“Lost Extinction” wiped out over 60% of African mammals

Scientists have recently discovered the existence of what they call the “lost extinction”, a phenomenon that took place in Africa. This event began 34 million years ago and wiped out most of the primates and rodents. The carnivores that preyed on these animals also gradually disappeared. Until now, scientists did not suspect the existence of this phenomenon, which lasted for millions of years.

According to the information, this period of extinction occurred between two different geological epochs: the Eocene and the Oligocene. The first era began 55.8 million years ago and ended 33.9 million years ago. The second began 33.9 million years ago and ended 23 million years ago.

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As the greenhouse climate of the Eocene began to change to the frosty climate of the Oligocene, sea levels dropped and the Antarctic ice became thicker. During this period, almost two-thirds of animal species in Europe and Asia became extinct. Scientists thought that African species were saved due to their proximity to the equator. But this new discovery shows that this is not the case.

Methods used by researchers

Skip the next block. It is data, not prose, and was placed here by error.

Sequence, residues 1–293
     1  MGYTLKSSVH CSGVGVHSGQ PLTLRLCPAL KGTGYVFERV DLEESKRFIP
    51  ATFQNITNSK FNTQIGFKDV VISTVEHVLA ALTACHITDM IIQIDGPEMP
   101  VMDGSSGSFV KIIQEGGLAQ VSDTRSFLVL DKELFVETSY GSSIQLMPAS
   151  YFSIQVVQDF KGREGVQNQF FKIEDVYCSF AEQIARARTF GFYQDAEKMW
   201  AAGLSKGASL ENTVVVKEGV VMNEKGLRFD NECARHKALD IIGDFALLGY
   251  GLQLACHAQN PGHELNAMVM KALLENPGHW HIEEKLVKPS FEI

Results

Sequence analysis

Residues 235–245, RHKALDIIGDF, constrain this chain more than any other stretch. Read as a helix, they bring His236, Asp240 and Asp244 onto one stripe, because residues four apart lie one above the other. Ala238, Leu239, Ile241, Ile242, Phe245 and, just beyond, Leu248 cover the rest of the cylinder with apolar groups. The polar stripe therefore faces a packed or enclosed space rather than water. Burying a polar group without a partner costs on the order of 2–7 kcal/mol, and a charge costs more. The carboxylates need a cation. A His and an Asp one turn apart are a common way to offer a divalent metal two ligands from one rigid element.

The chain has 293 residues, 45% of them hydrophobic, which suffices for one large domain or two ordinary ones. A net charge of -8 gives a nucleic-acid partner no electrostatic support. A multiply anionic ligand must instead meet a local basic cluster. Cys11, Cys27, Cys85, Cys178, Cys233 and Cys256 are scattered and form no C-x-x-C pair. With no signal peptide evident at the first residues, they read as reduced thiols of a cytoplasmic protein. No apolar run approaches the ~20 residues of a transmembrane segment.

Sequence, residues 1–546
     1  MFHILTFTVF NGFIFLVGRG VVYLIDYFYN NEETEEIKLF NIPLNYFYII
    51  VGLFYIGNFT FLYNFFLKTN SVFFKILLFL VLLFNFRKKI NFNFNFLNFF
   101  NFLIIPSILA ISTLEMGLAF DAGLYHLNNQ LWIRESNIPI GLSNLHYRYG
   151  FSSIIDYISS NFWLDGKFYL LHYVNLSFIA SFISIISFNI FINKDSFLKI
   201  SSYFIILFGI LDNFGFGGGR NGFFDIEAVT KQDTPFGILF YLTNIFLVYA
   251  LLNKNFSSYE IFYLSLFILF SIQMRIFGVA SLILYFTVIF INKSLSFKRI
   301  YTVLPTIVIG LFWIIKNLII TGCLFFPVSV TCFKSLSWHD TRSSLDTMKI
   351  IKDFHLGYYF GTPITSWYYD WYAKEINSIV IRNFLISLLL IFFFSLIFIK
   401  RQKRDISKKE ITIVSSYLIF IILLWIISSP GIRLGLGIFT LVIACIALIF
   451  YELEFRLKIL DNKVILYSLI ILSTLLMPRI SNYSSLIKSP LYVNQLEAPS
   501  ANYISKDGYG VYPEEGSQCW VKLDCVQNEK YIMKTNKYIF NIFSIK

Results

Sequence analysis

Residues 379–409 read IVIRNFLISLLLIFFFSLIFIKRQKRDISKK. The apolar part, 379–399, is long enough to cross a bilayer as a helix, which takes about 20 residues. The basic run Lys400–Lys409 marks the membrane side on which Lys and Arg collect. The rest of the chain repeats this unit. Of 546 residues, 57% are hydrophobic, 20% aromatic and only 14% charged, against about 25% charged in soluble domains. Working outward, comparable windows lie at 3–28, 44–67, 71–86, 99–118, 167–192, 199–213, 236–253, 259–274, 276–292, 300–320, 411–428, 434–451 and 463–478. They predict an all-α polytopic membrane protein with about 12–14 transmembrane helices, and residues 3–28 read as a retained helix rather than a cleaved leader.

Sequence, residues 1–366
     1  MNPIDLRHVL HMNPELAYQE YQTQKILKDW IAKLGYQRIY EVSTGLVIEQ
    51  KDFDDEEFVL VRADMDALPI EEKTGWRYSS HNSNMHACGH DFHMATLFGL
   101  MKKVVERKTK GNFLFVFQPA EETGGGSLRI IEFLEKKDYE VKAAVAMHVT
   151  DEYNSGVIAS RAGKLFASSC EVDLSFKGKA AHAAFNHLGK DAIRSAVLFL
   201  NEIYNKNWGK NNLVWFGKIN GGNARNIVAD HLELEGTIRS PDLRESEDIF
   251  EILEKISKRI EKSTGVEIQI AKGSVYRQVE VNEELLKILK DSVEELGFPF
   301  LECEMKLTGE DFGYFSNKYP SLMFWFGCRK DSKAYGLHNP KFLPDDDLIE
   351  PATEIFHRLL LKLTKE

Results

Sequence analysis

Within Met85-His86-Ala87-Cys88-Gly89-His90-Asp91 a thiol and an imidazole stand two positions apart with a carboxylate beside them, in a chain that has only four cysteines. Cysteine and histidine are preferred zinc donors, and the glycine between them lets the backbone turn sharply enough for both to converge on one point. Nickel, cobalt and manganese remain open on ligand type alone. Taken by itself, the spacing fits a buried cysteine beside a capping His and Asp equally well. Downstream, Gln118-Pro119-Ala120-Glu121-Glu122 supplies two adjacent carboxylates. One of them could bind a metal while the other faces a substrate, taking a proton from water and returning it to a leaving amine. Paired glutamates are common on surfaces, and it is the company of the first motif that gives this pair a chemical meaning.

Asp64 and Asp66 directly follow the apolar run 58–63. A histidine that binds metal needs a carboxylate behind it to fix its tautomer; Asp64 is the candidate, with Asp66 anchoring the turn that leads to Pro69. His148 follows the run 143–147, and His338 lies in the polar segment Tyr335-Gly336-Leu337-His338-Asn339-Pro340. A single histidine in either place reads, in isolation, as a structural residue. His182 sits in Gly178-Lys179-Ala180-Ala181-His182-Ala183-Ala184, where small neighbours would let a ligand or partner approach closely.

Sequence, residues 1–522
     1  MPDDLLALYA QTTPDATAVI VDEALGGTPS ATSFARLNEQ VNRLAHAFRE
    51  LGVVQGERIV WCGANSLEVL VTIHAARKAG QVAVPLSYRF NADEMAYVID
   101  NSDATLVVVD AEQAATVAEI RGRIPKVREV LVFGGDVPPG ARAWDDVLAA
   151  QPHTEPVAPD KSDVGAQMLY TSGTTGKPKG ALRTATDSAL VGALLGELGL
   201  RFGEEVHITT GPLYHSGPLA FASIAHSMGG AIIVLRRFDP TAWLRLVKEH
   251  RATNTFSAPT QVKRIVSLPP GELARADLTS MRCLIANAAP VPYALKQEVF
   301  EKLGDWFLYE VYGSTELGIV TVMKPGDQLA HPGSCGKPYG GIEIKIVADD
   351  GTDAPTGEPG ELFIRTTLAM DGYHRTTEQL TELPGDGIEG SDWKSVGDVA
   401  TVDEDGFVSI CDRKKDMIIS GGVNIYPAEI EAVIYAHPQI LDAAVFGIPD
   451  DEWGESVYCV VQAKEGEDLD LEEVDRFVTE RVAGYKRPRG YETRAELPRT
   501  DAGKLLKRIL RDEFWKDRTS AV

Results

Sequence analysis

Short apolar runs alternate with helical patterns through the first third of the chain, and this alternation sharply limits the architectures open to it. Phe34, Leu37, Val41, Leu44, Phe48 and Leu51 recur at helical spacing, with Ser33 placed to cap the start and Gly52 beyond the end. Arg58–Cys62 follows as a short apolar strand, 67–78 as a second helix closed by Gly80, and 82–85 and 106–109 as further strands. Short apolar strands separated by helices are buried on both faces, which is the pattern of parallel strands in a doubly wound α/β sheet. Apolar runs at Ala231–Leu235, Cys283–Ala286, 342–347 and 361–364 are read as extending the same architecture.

With few clues from the time, researchers weren’t sure what happened in Africa when temperatures started to drop. However, the new study looked at animal lines and found that the African continent has also been hit hard.

Scientists have reconstructed the time lines of evolution in the family trees of 5 groups of African mammals. They focused on two groups of primates, two groups of rodents, and a group of now-extinct predators known as hyanodons.

According to Eric Seiffert, professor and director of the Department of Integrative Anatomical Sciences at the University of Southern California and co-author, we don’t have the density of fossil records that other African continents have. So they had to find a way to extract as much information as possible, hence the new approach.

Scientists used the fossils they had on hand to track the diversity and extinction of species over time. The results then showed that about 34 million years ago, a drop in temperature wiped out entire branches of the family tree of the mammals in question. Species diversity has not declined drastically, as is commonly seen during global extinctions. Rather, the decline unfolded over millions of years until 63% of the species in the mammalian groups became extinct.

after extinction

When the studied groups began to diversify again, most of the new species evolved to acquire new characteristics that were not there before extinction. One can cite as an example the species of primates and rodents that appeared in the Oligocene. These species had different forms of teeth than their already extinct counterparts. This shows that these species have adapted to survive in different ecosystems than their predecessors.

Thus, we know that an extinction occurred between two geological periods. As for the exact cause, some evidence found in Africa and the Arabian Peninsula 31 million years ago suggests otherwise. Active volcanoes could create an insurmountable problem for the survival of these species.

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